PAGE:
Only one out of 10 auto dealers “are in the game” when it comes to using the Internet as a car-selling tool.

So says Mark Rikess of the Rikess Group, a dealership consulting firm specializing in Internet-inspired sales.

“Ten percent of dealers today are at a high level of Internet sophistication, 30% are struggling to get there and 60% are not interested, at least not until they see proof of returns,” says Mr. Rikess at an eAutoWorld conference in Detroit.

That leaves a lot of e-commerce opportunity for the minority of dealers who are using the Internet in big ways. Those include creating dedicated Internet sales managers, focusing on fast e-mail customer responses and transacting business with vendors and manufacturers.

Most dealers by now have their own web sites, notes Mr. Rikess. But many of them are merely “sales brochures,” providing basic information and little customer interaction.

On the other hand, sophisticated dealer web sites provide an array of information about inventory and pricing, and make it easy for a prospective customer to use e-mail to communicate with the sales staff.

Two dealers “in the game” according to Mr. Rikess’ criteria are Bill Marsh and Mike Price.

The Internet helps fill a dealer’s need for “an ever expanding range of behavior to respond to expanding customer expectations,” says Mr. Marsh of the Bill Marsh Auto Group which sells Pontiacs, GMCs, Saturns, Chryslers, Dodges and Jeeps in Traverse City, MI.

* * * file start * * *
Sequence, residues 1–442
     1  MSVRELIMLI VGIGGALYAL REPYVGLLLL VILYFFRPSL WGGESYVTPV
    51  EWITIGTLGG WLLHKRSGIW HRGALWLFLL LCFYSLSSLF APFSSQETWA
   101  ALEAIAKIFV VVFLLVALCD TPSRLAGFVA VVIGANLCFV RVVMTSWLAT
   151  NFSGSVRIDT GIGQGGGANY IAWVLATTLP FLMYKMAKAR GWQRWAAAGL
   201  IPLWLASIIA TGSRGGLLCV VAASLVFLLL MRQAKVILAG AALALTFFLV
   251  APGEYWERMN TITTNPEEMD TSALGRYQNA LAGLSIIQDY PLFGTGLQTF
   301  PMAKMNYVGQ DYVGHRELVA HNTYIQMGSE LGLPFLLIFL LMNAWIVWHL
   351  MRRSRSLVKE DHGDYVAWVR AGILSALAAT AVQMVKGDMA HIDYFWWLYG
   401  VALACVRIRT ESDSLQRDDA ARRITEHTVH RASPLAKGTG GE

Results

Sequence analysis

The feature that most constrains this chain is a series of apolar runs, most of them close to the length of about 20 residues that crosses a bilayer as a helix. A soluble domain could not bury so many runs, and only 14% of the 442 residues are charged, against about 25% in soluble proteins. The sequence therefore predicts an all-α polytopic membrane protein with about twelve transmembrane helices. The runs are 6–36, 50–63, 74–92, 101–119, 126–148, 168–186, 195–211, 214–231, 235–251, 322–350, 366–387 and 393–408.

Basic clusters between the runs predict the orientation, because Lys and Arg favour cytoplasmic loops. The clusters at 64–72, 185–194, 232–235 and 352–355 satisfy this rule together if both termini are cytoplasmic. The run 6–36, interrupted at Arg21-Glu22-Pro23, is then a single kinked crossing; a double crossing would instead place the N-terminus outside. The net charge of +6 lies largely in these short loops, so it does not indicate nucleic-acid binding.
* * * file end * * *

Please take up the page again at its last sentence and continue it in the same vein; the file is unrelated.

He says his web site focuses on “relevant information” – mainly “what do we have and what does it cost.”

There’s a per-vehicle listing of prices, incentives and, sometimes, monthly payments.

“We don’t have ‘about us’ web pages or links to the manufacturer because those don’t necessarily facilitate the purchase of a vehicle,” says Mr. Marsh.

He employs a dedicated Internet sales staff of three which monthly manage up to 60 leads a month and sell 20-40 vehicles.

But he says it is hard getting the dealership staff to recognize the growing importance of Internet sales.

He says a lot of the Internet sales staffers asked to be transferred to the traditional showroom, thinking they can sell more cars there.

He says his biggest e-dealer mistake was early on “not recognizing the need for training.” That’s changed this year, he adds.

Mr. Price says the speed of the transaction is how the Internet benefits his dealerships and his customers.

“Speed increases the likelihood of the sale, increases customer retention and increases the chances of a customer coming to us for service,” says Mr. Price whose dealership group sells eight brands of vehicles in four locations around Delaware.

He says in his region it takes his competitors three days on average to respond to a customer’s e-mail. It takes his dealership about five minutes, “and we are on the phone in 30 minutes.”

He sees the Internet and the phone as an effective one-two punch.

He explains, “We try to get every Internet lead on the phone, and not just to say ‘hello.’ It’s to market the car a customer is interested in. The goal is to get an appointment for a test drive or deliver the car.”

His Internet sales staffers undergo phone training, which includes role-playing.

Mr. Price has also focused on using the Internet to speed up the finance & insurance process because an

Internet customer is interested in speed and “you don’t want them to then spend an hour and a half getting pounded by the F&I manager.”

Both Mssrs. Marsh and Price use computer software to track Internet leads. Mr. Price says his biggest early mistake was not holding the Internet staff accountable for lead-tracking.

“We wasted a lot of leads and we did some damage to our on-line credibility,” he says.